He sure is now.
Matz was the Mets' second-round pick Tuesday in the First-Year Player Draft, taken 72nd overall with the New York's first selection of the day.
"I was sweating it out, and then I heard John Franco call my name," Matz said of watching the coverage of the Draft online. "It was just a whole weight off my shoulders. It was awesome."
It seems only fitting that the pick was announced by Franco, the longtime left-handed Mets reliever who hails from Brooklyn. From one New York southpaw to another, a dream was realized.
Matz's coach, Lou Petrucci, at Ward Melville High School noted the climbing local fame of the kid.
"He's going to be an icon in [the Three Village area] one day," said Petrucci. "If he isn't already."
Kids from the local elementary school donned white T-shirts with Matz's name on the back Tuesday afternoon, supporting the 18-year-old who has spent 13 years in the school system.
Matz grew up in a family of Mets fans that should have the opportunity to see him play in the Minors. The Mets have affiliates in Brooklyn, Binghamton and Buffalo.
Matz said it would have been especially meaningful for his late grandmother -- the biggest fan in the family.
"She would be amazed," Matz said. "She'd be in seventh heaven right now."
The Draft caps a wild 12 months for Matz, who wasn't even courted by top colleges until this time in 2008. It wasn't until the beginning of his senior season that he thought the Draft was a possibility.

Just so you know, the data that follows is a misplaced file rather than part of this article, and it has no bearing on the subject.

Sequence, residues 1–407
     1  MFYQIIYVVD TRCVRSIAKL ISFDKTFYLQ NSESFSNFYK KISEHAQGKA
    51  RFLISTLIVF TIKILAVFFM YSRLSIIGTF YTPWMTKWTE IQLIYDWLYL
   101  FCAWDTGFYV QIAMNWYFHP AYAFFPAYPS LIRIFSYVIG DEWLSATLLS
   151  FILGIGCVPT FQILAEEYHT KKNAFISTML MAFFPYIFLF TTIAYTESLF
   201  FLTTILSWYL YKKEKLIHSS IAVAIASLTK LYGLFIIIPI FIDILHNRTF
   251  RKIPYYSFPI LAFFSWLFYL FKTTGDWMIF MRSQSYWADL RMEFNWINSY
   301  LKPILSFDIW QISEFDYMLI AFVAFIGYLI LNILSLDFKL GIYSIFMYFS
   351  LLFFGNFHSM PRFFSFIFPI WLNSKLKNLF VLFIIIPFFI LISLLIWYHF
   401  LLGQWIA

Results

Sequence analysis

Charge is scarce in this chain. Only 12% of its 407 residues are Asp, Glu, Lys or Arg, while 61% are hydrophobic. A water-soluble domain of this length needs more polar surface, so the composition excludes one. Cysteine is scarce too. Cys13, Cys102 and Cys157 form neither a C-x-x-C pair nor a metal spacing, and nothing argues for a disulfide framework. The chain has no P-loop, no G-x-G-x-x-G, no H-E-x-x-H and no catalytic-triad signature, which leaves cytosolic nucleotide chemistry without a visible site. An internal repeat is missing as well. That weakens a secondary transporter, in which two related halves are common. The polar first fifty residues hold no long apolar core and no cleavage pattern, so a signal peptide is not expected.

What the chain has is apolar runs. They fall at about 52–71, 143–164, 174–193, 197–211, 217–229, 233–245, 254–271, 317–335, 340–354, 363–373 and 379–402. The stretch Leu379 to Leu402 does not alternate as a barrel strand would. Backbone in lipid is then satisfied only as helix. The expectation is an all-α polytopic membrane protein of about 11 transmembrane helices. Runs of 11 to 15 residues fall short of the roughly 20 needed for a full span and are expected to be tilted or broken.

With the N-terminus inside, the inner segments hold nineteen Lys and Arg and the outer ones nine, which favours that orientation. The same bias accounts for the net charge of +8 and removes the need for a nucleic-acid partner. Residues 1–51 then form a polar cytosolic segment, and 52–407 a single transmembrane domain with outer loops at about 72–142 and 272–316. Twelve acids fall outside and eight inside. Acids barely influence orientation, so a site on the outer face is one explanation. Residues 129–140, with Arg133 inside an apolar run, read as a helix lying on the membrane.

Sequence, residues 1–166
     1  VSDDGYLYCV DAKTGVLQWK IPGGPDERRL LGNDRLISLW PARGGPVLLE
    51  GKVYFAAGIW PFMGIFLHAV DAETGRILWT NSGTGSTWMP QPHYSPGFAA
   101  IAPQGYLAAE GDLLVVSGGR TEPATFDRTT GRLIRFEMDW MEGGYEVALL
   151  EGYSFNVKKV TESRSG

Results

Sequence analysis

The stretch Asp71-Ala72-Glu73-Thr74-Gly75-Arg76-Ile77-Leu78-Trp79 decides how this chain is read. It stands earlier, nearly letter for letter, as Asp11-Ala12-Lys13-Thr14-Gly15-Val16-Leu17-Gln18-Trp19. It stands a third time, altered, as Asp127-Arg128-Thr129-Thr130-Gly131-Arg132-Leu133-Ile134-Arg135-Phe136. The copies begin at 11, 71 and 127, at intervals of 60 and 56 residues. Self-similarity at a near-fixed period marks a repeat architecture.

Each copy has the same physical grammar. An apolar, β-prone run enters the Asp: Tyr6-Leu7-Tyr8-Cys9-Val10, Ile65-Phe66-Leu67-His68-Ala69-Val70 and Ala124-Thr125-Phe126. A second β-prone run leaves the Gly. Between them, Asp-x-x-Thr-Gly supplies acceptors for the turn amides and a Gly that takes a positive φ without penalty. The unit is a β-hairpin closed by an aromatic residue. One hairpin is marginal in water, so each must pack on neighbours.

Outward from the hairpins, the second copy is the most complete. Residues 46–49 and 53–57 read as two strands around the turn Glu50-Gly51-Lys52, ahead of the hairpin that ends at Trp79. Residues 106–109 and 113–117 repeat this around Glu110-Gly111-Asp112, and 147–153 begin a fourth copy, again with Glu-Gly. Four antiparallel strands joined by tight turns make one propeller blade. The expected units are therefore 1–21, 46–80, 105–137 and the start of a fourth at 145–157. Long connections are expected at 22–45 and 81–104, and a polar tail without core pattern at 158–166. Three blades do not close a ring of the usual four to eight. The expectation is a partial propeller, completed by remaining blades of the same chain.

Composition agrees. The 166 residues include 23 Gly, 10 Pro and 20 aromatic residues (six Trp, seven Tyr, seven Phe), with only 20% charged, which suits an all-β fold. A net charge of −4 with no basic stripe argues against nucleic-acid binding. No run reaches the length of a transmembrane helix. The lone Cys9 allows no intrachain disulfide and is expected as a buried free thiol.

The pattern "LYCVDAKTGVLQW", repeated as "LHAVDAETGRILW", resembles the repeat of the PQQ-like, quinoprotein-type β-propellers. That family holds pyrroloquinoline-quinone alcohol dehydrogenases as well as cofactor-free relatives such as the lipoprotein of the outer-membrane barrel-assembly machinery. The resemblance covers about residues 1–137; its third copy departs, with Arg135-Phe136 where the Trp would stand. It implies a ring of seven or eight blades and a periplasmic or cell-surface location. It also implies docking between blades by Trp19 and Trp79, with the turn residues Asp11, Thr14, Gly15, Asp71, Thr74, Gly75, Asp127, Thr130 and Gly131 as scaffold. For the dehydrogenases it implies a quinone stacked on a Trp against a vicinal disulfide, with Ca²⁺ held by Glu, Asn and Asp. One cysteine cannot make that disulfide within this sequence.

"It was just one year of craziness," Matz said. "Going pro, it's hard to believe that all of it was going on. It didn't really sink in until yesterday."
Matz had committed to Coastal Carolina in Conway, S.C., but is currently negotiating a deal with the Mets. This past season at Ward Melville, he went 6-1 with a 0.47 ERA in seven starts, striking out 81 while allowing just 11 hits in 44 innings.
The 6-foot-3, 185-pound Matz was never daunted by starting in front of a bevy of scouts, pitching with "ice in his veins," according to his coach.
"He's very calm," Petrucci said. "What makes him a second-round Draft pick is his ability to pitch outside the box. He's not fazed by throwing 2-1 changeups. Throughout the season, from Day 1 when he pitched two innings in a scrimmage to his last outing in a playoff game when he pitched a two-hit shutout, he got better every single outing."
The Mets hope Matz's rapid development continues, starting in the Gulf Coast League this summer. Petrucci has no doubt it will.
"I really believe that in four years, this kid is going to be pitching in Citi Field," the coach said.
Tim Britton is an associate reporter for MLB.com. This story was not subject to the approval of Major League Baseball or its clubs.